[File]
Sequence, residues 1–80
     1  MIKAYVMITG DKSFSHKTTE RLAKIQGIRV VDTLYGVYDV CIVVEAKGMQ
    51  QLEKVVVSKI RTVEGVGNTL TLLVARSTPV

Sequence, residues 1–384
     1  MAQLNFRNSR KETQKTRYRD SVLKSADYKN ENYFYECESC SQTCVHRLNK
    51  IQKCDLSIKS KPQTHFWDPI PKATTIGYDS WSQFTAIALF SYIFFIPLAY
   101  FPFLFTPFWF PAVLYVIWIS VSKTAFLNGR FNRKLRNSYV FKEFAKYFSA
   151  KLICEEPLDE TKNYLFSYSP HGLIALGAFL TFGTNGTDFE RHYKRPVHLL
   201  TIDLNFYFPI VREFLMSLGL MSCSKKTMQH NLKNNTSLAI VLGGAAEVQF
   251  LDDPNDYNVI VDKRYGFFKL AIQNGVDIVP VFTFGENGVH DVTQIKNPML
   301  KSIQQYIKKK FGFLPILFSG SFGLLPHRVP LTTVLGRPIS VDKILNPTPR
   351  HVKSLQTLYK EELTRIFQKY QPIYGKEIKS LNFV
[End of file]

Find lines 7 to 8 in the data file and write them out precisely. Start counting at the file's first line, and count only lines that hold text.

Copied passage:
   101  FPFLFTPFWF PAVLYVIWIS VSKTAFLNGR FNRKLRNSYV FKEFAKYFSA
   151  KLICEEPLDE TKNYLFSYSP HGLIALGAFL TFGTNGTDFE RHYKRPVHLL